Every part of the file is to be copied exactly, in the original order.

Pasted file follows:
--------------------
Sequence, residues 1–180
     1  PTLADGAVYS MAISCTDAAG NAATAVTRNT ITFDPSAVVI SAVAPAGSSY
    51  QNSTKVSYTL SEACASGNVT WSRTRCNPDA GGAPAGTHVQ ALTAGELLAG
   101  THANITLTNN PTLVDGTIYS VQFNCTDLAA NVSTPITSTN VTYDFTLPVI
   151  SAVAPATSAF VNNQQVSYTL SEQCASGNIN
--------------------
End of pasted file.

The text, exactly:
Sequence, residues 1–180
     1  PTLADGAVYS MAISCTDAAG NAATAVTRNT ITFDPSAVVI SAVAPAGSSY
    51  QNSTKVSYTL SEACASGNVT WSRTRCNPDA GGAPAGTHVQ ALTAGELLAG
   101  THANITLTNN PTLVDGTIYS VQFNCTDLAA NVSTPITSTN VTYDFTLPVI
   151  SAVAPATSAF VNNQQVSYTL SEQCASGNIN